I fetched Em and my backpack, and we were at the lake 20 minutes later. With all the rest stops and exploration, it took us almost three hours to get here. There are no good camping spots on the actual lake shore, but there's a huge rock on the east side with very nice spots on top. It's about 15 feet higher than the water, with amazing views down into the Owens Valley and up towards Kearsarge Pass, with University Peak and all.
Unsurprisingly, we weren't tired, so I caught some fish, this time Em cleaned them, we ate well, and sat around in the moonlight and the mild evening, with the warm air rising from the valley making it very pleasant. When I checked my phone, I mistakenly turned off the airplane mode, and to my biggest surprise, I had a signal. Well, there was a direct line of sight into the valley below, but still. Back in Europe, my dad saw me coming online on Skype, thought somehing was wrong, and called me. It worked perfectly, it was a weird feeling sitting in the moonlight at 11,000', skypeing with Europe.
Not much before dawn, we heard some other poeple, maybe looking for a campsite, but they didn't stop and we never figured out which way they went. I have no idea why they were around in the middle of the night, but Em and I keep talking about going up to Kearsarge Pass on a full moon night, which we haven't done yet, but maybe that's what these people were up to. Regardless of the commotion, I slept much better, with no signs of altitude sickness.
Now, we were to climb our first real Sierra pass. We got up at 7, trying to hit the trail early, but of course it didn't work out, we left the camp after 9. The first task was to get back to the main trail. We saw people above us the day before, so we knew it's about 200' higher than the lake, up a steep face with boulders. However, it didn't look like scrambling will be needed, and with the help of the hiking poles, we climbed it without any problems. The trail has some really cool views of the lake, and the heart shape is very obvious from that vantage point.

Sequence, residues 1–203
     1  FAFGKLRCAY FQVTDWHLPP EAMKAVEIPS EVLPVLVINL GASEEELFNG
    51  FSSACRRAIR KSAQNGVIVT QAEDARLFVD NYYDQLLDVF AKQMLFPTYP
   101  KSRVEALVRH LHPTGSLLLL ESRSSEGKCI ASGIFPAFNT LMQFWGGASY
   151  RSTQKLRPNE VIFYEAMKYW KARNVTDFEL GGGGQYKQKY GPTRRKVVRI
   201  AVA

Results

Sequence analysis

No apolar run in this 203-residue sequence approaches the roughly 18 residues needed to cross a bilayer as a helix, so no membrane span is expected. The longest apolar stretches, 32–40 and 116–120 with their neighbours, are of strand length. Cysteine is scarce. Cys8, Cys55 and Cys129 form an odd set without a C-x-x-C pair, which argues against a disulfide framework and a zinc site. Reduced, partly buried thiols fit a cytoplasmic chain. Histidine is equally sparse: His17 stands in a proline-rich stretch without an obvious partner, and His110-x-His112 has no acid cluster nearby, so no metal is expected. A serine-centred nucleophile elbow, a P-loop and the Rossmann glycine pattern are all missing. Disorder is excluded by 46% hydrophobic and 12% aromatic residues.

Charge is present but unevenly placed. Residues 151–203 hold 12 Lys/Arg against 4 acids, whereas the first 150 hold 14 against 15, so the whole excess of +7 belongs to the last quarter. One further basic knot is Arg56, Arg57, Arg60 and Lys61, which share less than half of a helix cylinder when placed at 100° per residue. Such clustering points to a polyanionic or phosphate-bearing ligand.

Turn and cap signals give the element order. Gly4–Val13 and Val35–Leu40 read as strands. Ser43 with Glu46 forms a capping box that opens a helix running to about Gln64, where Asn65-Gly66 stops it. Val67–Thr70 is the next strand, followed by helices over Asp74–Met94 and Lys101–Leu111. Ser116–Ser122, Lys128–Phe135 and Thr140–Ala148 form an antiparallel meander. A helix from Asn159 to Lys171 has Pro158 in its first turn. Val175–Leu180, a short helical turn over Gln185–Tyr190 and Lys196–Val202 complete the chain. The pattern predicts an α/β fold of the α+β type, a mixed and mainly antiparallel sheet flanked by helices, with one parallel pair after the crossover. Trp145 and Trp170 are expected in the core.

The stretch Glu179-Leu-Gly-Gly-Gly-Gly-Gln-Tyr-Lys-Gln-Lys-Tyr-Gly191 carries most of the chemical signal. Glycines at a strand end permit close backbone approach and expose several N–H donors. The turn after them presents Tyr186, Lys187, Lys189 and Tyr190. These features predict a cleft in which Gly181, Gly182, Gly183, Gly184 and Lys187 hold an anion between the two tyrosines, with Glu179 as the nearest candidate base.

Not much past this, the trail leaves the treeline and bypassing Big Pothole Lake (which looks like a pretty forbidding place) climbs towards Kearsarge Pass. The grade is very gentle and no wonder some people call this pass one of the easiest in the Sierras.
They say you'll never forget the first time you got up to Sierra Crest and laid eyes upon the interior of the mountain range. I'm pretty sure I'll never forget it. The view from the top of Kearsarge Pass is something to behold. Mountains and mountains as far as the eye can see. Right in front of you, Kearsarge Lakes, Bullfrog LAke and the Kearsarge Pinnacles, with the beginning of Kings Canyon visible in the distance. "Magnificent" is not a grand enough word.
We took a pretty long break at the pass to have a snack, chat with some fellow hikers and snap many pictures. Fromt he pass, the trail swtichbaks down into the Kearsarge Basin. I let Em go ahead a bit so I can take a picture of her on said swtichbacks from a distance. That's when I saw a couple coming up the trail from the far side with what looked like a very small child. I thought I'm imagining things, but a few minutes later, as I caught up with Em, we met them, and it was a young ranger lady and her husband, plus their 3-year-old son, happily trudging up the steep trail. The little guy had a grand old time. They mentioned that the mosquitoes are really, really bad, they even met a couple who said they're cutting their trip short because of them.
If you're headed straight towards Vidette Meadow, there's a trail that goes down to Kearsarge Lakes and then down to Vidette. However, if you're headed towards Charlotte Lake (like we we were) or Glenn Pass, then the high trail on the side of the mountain is the way to go. The view of the lakes and the pinnacles is amazing, and the trail descends at a nice angle towards the PCT/JMT junction. Em's shoulders starting hurting like crazy, so we stopped a for a bit and I realized that her hip belt was buckled, but it was very loose and doing anything. This just shows how little attention we paid to these things then. I looked at some videos about how to adjust you pack, and even told Em about it, but we didn't really heed the advice. Mine was much better, though, and after adjusting her belt to fit snugly and take the weight off, her shoulders were much better after only a few steps. Soon, we were at the juction.
The area was supposedly under water only a few weeks ago, with even the signpost being almost completely submerged. There was still some moinsture left in the soil, it was as dry as it may seem from the picutre. From the junction, the trail enters the forest and descends towards Charlotte Lake.